CHEPA is proud to announce that it has been awarded a one-year $265,000 Operating Grant for economic forecasting for its research project, Investing in primary and secondary prevention: Economic forecasting to inform policies regarding amortization of program costs, by the Canadian Institutes of Health Research (CIHR). The funding is part of a joint initiative of the CIHR and the J.W. McConnell Foundation that will see CIHR contribute $175,000 and the J.W. McConnell Family Foundation contribute $90,000.
The research will be co-led by Jeremiah Hurley, Dean of McMaster University’s Faculty of Social Sciences and a member of CHEPA, and CHEPA Director Jean-Eric Tarride. It involves a multi-disciplinary team of experts that includes eight other CHEPA members – Laura Anderson, David Feeny, Michel Grignon, Emmanuel Guindon, Christopher Longo, Gillian Mulvale, Daria O’Reilly and Arthur Sweetman. The other members are Stelios Georgiades, Hertzel Gerstein and Susan Jack of McMaster University’s Faculty of Health Sciences; Susan McCracken, DeGroote School of Business, McMaster University; Mike Joyce, Queen’s University Department of Policy Studies; Bill Praamsma and Garima Talwar from the Ontario Ministry of Finance; Anne Hayes, Ontario Ministry of Health and Long-Term Care and Kim Elmslie, Public Health Agency of Canada.
The work has two goals:
1. To develop a framework that lays an analytic foundation to support implementation of cost amortization in prevention and early intervention; and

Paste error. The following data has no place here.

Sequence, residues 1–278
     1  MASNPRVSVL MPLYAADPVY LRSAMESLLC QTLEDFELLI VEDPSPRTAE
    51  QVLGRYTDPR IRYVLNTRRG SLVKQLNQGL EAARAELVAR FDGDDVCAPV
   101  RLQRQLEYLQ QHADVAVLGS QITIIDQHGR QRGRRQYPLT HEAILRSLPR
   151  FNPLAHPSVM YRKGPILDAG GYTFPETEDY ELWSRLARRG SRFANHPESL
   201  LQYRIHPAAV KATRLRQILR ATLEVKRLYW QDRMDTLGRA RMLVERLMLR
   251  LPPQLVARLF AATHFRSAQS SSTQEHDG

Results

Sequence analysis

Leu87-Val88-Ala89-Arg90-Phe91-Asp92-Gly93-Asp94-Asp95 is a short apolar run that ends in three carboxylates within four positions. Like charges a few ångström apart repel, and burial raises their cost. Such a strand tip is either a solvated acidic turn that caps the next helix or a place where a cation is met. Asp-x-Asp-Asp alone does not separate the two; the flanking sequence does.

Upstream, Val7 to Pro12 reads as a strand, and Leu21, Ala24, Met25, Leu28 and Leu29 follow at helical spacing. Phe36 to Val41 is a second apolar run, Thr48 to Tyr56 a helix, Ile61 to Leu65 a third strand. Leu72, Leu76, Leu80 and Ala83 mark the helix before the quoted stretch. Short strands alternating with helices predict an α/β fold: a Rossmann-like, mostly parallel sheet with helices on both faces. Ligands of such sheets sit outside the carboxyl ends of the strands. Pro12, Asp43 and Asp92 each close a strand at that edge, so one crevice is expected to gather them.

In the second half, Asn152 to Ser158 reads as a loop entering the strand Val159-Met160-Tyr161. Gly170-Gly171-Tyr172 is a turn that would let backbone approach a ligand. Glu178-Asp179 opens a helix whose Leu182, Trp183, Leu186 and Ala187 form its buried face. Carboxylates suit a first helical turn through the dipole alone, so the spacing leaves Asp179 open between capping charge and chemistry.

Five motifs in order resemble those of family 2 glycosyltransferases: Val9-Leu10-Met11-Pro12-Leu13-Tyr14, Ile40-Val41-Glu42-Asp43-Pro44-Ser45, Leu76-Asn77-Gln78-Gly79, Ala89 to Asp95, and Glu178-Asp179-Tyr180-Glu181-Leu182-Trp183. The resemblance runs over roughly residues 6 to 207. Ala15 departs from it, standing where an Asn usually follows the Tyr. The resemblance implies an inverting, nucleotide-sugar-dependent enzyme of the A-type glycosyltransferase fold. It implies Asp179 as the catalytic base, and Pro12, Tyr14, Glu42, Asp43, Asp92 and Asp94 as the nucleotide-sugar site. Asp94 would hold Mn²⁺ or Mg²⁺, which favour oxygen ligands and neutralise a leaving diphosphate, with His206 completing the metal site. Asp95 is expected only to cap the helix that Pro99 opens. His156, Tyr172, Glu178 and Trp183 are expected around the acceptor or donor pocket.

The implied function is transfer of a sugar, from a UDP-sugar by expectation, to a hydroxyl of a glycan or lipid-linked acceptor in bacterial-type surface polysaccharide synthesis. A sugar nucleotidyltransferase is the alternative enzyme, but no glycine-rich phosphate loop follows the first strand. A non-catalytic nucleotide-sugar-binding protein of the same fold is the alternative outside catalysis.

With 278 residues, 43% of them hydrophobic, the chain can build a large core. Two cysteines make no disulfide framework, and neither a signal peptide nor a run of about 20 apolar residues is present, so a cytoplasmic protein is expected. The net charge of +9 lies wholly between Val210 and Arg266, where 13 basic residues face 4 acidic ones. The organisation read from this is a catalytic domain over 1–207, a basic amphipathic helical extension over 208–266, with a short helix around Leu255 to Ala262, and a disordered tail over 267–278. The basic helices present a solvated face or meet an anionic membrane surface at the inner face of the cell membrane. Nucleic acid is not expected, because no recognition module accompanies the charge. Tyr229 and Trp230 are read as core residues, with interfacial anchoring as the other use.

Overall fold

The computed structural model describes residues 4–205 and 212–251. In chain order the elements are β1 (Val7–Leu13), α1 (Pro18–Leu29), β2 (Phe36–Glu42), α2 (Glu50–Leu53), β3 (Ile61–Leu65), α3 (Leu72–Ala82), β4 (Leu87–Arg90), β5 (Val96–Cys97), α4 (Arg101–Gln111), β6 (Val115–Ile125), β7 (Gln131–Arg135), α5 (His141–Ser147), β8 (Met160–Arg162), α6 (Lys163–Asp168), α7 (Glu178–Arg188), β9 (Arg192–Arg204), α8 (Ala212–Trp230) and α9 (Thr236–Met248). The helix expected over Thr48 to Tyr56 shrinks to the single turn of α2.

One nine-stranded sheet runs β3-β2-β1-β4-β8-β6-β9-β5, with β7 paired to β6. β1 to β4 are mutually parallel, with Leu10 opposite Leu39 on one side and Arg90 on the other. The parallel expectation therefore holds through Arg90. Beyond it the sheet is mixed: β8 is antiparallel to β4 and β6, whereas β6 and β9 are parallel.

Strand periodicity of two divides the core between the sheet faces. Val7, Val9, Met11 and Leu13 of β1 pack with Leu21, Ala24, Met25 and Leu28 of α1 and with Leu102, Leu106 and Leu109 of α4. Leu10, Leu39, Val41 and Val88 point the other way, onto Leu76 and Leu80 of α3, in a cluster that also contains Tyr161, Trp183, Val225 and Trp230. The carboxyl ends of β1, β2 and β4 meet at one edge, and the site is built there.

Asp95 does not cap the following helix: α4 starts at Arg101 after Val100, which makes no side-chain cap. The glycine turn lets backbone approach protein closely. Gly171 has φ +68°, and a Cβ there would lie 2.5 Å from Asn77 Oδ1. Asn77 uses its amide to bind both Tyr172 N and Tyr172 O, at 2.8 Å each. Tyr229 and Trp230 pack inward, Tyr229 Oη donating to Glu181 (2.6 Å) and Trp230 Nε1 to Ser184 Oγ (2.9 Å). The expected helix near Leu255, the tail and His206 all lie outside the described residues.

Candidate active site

2. To conduct four economic forecasting simulations that illustrate the analytic framework in action in the areas identified by CIHR in the call for proposals.
The four simulations are an early psychosis intervention program (mental health); an integrated autism program based on intensive behavioural interventions and applied behaviour analysis (child and youth health); a diabetes prevention program that integrates diet, weight loss and physical activity (food security with a focus on nutrition and diabetes), and a family-nurse partnership program targeted at low-income, first-time mothers to improve outcomes for both the child and the family (intergenerational trauma).
In 2015 Canadian health care spending was more than $219 billion. Many investments in health and social programs for primary and secondary prevention require that governments pay up-front for programs and results that will produce a net financial gain over time due to reduced future service costs (in health, education, social services, etc.) and/or increased tax revenue associated with increased labour market activity by program beneficiaries.
Unlike investments in physical infrastructure such as bridges or highways, current public sector accounting rules do not allow the government to amortize the costs of such investments over multiple years. This project will analyze a range of issues associated with possible changes to the accounting rules to allow such amortization, with a focus on the economic methods and evidence that would be required for economic forecasts of the costs and consequences of such investments.
This analysis will produce a framework to guide both the development of policies related to the amortization of the costs of investments in primary and secondary prevention, and decision-making regarding the amortization of specific proposed investments.